Congratulations to the all-female British team in the Nations Cup curtain opener in Florida. The trio took the powerhouse US team — also all women — to a jump-off on their home soil and only just missed out on taking the honours, proving a timely boost for British showjumping at the start of the series.
In Olympic years, these competitions are a hotbed of intrigue. Which combinations are finding form? Which nations look strongest? Which chefs d’équipe face a selection nightmare? With all roads leading to Tokyo, riders are in fierce competition for one of just three places on each of the streamlined Olympic teams.
But while those in Florida are displaying their potential team credentials in a seemingly honest and sportsmanlike manner, the “skulduggery” of a minority of riders, who are alleged to have earned world and Olympic ranking points through an unlevel playing field, resulted in ripples of discontent around show rings.
The FEI’s clarification of Olympic allocations came at the time of going to press, but at least some common sense seems to have prevailed and those representing their countries at the greatest show on earth will have earned their slot through fair play.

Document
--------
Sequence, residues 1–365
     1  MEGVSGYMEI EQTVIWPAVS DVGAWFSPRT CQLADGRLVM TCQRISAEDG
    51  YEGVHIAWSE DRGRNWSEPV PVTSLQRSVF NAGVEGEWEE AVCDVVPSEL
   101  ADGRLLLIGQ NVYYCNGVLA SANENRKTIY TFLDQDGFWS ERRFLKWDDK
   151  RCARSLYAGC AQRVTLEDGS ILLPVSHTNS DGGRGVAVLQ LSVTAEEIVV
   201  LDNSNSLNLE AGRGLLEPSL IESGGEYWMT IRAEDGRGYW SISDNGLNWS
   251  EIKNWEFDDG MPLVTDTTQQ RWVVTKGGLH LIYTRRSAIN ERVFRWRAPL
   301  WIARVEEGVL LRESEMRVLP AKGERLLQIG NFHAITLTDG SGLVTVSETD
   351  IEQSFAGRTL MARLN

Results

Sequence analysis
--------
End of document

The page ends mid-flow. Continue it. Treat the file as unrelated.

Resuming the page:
Great Britain may have three stand-out contenders for Tokyo in Scott Brash, Ben Maher and Holly Smith, but the performances from Alexandra Thornton, Amanda Derbyshire and Emily Moffitt in Florida proved that strength in depth is forming and every ticket to the Olympics will be hard fought.
With other riders from the Team GBR pool — including Ellen Whitaker, Jack Whitaker and James Wilson — being selected for the first time to jump on teams in this year’s Global Champions League (GCL), the door of opportunity has certainly swung wide open for them.
The benefits of regularly competing at the highest level at some of the world’s top shows, where entry for your “average” rider is often hard to grasp, and experiencing the high-pressure environment of a big-money team competition cannot be underestimated.
This could be an exciting year for British riders.
Ref Horse & Hound; 20 February 2020